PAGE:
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Learning and development in a commercial context - making the connection

Over the last 3 years there has been more change in the commercial and government context than we have seen in the last 15 years. Phil Garing (Synapsys) has been working across sectors and has explored the different contexts, and so is in a great place to draw the commonalities across them. 

The emergence of the Chief Learning Officer (CLO) in the executive team is now an increasingly popular position. Given this the Deloitte report around learning and development is of interest - there is a big ramping up in the expectations in the ability to develop learning. Sixty percent of organisations + believe there is a lot of work to be done.

Learning is critical to enable staff to keep pace with the rate of change.The challenges that all organisations are facing are very similar. Learning and development used to be a bit fluffy. It was an expense line in a budget, but a bit unclear. It is, Phil shares, something that organisations need to continue to get really serious about this. The conversations in learning and development entities is beginning to change.

Flipped curricula is becoming more popular in the sector. The starting point is "we have a problem, what is the benefit we will get", then define the change, develop the programme and measure the impact...rather than sending employees on a pre-defined course or qualification. Instead they are defining the whole learning experience, and then go out to see what they can map after the design of the programme. Alongside is a growing emphasis on well-designed, well-facilitated buddy models.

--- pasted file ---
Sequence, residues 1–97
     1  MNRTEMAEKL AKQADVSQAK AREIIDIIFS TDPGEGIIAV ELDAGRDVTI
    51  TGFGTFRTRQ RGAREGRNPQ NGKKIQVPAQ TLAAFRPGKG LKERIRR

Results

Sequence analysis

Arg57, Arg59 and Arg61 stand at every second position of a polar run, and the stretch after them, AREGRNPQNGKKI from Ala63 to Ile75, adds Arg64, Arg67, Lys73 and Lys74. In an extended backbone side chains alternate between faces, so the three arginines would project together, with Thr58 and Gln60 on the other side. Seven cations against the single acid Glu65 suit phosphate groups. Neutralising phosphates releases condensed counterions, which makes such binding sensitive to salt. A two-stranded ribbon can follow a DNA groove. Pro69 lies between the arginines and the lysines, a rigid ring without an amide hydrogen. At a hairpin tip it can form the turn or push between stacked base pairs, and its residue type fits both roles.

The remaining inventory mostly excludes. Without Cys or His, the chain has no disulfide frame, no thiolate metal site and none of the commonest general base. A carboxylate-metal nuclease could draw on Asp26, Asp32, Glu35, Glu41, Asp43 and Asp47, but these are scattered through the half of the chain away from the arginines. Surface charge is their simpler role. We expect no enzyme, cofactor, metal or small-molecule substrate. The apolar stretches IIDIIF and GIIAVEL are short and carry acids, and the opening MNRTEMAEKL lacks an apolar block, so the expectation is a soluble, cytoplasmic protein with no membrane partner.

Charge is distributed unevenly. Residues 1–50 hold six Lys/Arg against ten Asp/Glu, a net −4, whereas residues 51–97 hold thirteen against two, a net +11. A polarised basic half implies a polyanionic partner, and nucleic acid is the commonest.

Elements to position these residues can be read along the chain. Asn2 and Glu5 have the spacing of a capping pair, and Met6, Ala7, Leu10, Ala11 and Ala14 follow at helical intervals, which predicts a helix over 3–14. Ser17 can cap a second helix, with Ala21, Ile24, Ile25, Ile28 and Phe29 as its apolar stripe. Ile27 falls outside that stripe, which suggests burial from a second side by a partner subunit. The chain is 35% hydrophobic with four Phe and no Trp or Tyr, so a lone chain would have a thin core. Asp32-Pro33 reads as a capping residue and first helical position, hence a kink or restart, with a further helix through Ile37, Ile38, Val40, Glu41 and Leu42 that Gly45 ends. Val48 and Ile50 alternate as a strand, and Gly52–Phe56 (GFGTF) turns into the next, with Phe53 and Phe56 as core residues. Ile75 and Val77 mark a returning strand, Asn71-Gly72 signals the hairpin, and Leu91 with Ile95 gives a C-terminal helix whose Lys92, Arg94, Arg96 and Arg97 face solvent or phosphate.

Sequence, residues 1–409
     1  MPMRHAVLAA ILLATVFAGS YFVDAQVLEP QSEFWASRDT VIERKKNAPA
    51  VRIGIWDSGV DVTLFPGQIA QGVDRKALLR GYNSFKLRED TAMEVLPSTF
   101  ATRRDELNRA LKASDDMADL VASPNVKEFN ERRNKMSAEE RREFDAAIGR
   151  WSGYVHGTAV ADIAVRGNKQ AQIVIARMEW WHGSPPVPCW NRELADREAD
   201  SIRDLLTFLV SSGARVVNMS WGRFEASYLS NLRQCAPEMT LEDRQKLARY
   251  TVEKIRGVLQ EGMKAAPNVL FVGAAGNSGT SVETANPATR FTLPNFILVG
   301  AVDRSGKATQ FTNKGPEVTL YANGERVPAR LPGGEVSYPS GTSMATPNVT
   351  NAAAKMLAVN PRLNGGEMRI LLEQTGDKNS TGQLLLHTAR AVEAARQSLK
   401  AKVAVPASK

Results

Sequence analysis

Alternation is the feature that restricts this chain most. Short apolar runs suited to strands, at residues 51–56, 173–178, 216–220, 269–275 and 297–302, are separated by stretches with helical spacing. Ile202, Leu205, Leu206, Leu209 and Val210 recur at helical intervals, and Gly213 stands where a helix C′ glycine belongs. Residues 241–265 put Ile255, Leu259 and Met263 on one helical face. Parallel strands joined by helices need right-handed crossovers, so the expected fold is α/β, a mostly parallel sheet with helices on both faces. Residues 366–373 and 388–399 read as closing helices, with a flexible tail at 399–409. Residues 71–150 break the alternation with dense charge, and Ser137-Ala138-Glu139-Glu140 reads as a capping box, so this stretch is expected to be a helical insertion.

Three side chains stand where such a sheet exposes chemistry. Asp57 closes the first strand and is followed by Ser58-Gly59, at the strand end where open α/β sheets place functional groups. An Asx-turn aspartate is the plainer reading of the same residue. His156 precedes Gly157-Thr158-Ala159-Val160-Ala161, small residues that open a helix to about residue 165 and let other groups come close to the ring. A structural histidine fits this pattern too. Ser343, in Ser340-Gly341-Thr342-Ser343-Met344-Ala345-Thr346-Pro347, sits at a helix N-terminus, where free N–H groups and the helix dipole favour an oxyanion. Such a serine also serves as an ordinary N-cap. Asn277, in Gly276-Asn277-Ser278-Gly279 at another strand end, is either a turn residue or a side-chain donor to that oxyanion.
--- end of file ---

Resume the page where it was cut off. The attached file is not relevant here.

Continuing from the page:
One of the important aspects that is now being looked for is evidence that a learning intervention is helping to address a problem. This includes research around engagement, and on the job application. 

So what can be learned from the commercial sector? 

  • Measuring the application to the job is a part of the evaluation process (Return on Investment)
  • High end solutions are becoming more based on big data and analytics
  • Sometimes digging deep into the data is not appropriate, and it's necessary to fall back on the qualitative data
  • It's important to understand the drivers in the workplace / job
  • Partners or suppliers? Looking at similarities as well a differences.

The increasing awareness in the commercial sector that change requires learning experiences that are applied and contextualised, is, I feel, exciting. In part, it recognises the way people learn effectively, and the power of learning on the job rather than going out to find or locate some sort of professional development and qualification.

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